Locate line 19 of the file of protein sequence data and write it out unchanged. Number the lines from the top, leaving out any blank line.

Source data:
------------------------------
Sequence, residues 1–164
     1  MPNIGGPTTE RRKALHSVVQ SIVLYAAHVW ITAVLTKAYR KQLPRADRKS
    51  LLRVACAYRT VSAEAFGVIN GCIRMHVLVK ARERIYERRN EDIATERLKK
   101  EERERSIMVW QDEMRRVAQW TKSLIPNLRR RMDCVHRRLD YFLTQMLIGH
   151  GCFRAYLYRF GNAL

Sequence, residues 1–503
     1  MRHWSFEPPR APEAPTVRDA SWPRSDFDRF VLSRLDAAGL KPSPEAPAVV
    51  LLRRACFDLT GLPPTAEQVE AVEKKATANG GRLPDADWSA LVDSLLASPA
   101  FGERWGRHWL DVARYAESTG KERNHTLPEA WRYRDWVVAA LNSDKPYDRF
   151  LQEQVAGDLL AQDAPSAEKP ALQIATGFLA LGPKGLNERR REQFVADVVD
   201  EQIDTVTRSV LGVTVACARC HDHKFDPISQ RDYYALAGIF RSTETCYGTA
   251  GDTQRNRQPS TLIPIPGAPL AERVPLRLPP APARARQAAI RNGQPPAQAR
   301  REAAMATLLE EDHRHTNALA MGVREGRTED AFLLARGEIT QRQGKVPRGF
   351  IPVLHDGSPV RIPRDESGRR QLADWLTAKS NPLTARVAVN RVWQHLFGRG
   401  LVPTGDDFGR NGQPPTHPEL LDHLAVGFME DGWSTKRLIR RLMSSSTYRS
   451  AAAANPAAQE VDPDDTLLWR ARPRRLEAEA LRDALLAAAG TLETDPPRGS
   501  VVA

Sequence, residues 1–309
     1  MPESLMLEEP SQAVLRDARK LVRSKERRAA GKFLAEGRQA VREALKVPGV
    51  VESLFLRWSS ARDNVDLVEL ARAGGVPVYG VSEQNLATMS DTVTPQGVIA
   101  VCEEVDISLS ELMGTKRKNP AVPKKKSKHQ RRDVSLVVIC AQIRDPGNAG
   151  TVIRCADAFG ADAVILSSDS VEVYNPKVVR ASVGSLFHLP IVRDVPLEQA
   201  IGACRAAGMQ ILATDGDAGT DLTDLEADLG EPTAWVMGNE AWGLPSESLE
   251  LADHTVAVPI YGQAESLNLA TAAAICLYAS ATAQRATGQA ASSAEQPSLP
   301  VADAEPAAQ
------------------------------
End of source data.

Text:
     1  MPESLMLEEP SQAVLRDARK LVRSKERRAA GKFLAEGRQA VREALKVPGV